It was, without a doubt, a first rate money-making opportunity!
If, of course, one could handicap.
My horse disappointed me sorely in the 2nd. The horse I bet in the 3rd lost his rider. Finally in the 4th I hit a whopping $18 quinella. Lost it back in the 5th. Bet the #7, Sand Mountain Dash, to win for UPF in the 6th, and he managed to come in 2nd. Picked the eventual 3rd place finisher to win/place in the 7th.
Things were not going particularly well.
That is, until the 8th, another one of those Derby/Futurity type races where all the horses had to qualify in trials, and where the previous 2nd place runners always have a good price and often win, and so on and so forth blah blah blah.
$3 quinella partwheel, some prev-2nd place prices with some prev-1st short prices. $1 tri, some 2nds/a couple 1sts/some seconds. And then some other stupid bets. All told, half the days betting bankroll on the line, $60 American dollars riding on the outcome of a 400 yd, 20 second dash. My mouth went dry. I needed another beer. To reinforce what the previous beers had just led me to bet.
When all the dust had cleared, the stupid bets had lost, but I had half the $417.80 tri, and 1-1/2 times the $124.40 quinella. Cha-ching! A moment ago I was not The King, but now I AM The King!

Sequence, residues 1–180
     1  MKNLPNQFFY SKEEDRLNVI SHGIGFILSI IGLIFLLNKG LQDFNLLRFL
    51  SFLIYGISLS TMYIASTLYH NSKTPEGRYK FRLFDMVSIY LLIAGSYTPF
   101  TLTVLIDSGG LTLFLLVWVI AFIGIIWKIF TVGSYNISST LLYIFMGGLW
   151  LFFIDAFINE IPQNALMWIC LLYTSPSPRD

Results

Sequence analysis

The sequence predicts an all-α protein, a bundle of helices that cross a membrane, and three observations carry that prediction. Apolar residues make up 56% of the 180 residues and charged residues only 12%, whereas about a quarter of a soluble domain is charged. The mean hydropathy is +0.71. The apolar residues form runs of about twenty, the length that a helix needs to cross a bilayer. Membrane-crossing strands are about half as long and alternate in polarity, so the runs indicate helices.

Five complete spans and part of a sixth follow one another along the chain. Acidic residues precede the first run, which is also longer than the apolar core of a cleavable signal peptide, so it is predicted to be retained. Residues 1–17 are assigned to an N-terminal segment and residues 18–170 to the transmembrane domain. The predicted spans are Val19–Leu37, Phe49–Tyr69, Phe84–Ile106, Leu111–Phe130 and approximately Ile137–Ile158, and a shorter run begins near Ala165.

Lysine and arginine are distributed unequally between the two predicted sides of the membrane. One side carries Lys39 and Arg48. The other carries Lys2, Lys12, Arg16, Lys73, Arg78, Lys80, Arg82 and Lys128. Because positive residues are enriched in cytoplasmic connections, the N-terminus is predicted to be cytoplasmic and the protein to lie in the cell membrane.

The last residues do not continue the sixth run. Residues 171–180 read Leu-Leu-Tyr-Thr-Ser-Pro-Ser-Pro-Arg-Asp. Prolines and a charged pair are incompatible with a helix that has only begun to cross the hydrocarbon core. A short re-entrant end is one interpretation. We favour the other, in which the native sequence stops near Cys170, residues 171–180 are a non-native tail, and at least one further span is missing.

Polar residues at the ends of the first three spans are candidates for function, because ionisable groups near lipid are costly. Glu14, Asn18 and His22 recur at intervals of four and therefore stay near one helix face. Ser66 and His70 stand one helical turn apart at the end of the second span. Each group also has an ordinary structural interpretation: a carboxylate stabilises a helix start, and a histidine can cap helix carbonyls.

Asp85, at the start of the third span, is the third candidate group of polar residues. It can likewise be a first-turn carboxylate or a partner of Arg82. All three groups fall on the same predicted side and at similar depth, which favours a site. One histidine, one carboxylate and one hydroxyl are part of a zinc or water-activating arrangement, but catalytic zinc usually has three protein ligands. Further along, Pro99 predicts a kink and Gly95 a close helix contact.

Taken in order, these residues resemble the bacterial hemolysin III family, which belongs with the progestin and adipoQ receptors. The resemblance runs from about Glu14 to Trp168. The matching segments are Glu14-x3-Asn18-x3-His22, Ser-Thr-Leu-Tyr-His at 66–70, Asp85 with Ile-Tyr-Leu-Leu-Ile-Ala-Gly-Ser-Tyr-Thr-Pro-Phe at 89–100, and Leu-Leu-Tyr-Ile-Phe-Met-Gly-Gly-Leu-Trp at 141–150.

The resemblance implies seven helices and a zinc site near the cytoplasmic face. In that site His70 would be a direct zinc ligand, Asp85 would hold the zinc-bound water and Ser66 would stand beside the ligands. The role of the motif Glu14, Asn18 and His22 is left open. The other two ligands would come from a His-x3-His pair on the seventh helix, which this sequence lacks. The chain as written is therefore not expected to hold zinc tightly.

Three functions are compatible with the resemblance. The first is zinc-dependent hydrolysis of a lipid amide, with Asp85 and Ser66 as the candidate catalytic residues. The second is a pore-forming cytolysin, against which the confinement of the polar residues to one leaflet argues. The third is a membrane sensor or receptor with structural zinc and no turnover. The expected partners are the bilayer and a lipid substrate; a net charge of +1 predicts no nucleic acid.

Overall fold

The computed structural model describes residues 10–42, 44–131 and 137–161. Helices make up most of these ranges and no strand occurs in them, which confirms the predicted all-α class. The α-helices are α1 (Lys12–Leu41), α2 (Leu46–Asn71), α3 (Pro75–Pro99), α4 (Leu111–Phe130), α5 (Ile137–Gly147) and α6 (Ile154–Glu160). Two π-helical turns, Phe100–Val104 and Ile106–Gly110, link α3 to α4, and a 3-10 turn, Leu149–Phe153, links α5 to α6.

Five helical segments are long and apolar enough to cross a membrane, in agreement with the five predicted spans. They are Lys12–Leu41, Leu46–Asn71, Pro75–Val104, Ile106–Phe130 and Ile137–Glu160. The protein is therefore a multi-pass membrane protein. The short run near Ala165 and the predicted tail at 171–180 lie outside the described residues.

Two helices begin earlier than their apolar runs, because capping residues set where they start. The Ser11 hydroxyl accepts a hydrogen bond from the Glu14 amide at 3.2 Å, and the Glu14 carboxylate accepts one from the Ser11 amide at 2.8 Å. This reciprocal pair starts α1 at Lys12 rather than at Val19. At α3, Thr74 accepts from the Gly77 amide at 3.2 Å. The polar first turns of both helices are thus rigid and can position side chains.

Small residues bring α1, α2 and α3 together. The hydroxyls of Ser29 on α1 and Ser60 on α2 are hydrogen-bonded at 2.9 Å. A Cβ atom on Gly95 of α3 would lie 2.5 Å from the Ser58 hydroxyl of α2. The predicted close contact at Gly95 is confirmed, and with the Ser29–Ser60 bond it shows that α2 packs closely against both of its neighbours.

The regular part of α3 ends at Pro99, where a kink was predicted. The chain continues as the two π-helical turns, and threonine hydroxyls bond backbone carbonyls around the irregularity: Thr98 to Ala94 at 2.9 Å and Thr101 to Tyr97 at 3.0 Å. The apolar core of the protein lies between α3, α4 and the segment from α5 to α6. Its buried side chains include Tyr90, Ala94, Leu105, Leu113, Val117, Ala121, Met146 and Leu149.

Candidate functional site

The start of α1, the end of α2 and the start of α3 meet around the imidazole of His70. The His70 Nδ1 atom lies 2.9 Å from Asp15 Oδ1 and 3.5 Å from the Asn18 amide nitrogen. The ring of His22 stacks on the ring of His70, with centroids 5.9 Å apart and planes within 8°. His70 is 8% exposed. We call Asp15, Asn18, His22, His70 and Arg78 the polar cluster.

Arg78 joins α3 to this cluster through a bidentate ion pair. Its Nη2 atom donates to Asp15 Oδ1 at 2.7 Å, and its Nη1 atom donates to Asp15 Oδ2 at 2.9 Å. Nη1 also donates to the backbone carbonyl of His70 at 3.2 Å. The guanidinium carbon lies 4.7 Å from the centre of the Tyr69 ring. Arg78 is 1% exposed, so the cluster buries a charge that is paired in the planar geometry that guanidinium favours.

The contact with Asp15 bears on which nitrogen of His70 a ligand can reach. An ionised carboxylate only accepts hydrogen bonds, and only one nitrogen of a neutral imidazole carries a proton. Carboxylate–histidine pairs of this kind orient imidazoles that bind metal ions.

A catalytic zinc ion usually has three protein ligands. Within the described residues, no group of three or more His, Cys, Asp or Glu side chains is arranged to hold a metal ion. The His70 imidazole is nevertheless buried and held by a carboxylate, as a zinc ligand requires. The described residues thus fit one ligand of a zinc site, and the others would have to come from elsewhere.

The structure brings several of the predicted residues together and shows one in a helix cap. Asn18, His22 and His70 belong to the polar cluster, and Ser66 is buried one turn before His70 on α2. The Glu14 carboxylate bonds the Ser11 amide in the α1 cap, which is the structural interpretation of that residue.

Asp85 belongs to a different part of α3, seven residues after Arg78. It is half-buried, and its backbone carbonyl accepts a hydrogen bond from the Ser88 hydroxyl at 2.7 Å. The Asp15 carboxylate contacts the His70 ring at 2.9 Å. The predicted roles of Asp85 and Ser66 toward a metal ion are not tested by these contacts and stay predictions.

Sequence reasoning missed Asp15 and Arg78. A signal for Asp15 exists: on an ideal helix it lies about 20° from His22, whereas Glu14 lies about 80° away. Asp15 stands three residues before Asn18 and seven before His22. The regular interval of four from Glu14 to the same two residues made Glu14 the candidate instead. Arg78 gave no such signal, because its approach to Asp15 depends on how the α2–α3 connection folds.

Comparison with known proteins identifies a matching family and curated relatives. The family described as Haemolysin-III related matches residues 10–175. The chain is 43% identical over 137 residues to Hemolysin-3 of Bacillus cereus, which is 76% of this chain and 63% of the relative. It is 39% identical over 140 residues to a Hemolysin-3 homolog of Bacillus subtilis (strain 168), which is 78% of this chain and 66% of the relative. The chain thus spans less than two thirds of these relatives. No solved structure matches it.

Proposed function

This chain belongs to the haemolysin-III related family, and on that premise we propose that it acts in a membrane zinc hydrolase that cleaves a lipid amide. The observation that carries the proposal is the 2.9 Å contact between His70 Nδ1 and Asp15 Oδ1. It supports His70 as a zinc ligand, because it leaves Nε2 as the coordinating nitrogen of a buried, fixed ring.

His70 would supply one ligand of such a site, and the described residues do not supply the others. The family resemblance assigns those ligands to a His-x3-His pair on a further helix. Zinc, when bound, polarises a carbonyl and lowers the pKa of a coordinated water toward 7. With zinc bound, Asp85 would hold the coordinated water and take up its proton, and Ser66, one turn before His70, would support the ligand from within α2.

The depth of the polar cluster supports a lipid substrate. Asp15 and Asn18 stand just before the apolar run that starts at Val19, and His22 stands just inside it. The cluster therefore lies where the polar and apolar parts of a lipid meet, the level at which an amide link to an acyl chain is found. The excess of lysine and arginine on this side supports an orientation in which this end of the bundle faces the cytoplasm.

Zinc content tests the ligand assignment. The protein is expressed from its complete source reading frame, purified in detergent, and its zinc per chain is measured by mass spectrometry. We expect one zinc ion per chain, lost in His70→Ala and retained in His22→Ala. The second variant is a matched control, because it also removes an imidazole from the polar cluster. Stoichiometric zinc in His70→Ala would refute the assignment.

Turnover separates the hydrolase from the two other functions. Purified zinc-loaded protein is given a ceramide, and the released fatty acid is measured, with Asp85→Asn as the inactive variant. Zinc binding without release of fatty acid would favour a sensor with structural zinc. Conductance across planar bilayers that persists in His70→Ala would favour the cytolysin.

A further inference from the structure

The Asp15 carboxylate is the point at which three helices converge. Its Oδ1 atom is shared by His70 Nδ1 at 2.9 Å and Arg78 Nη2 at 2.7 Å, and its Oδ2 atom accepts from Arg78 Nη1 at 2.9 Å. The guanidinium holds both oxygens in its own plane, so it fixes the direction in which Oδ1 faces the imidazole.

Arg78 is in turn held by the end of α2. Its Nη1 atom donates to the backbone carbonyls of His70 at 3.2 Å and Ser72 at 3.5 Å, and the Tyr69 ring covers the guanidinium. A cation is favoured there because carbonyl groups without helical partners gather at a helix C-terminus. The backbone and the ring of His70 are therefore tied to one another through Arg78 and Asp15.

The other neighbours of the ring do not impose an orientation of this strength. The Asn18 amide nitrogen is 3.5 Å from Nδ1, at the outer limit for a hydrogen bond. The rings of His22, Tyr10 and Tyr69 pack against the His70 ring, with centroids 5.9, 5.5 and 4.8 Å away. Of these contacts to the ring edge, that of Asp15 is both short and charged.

And then after that I gave them back $20, but left with a couple of races to go when I saw that I was probably only going to be King for one race that day.
Trainers Ron Moosman and Lee Giles managed to win a few races on the day, which put some more money into UPF's coffers via James C.'s pledge, the spare change bankroll shot spectacularly into the black, and I got a nice little sunburn and had a great time.
Wyoming Downs gets a definite thumbs up. Really a surprise to find such a nice track in such an out-of-the-way place.
Total miles traveled to get to this track: 157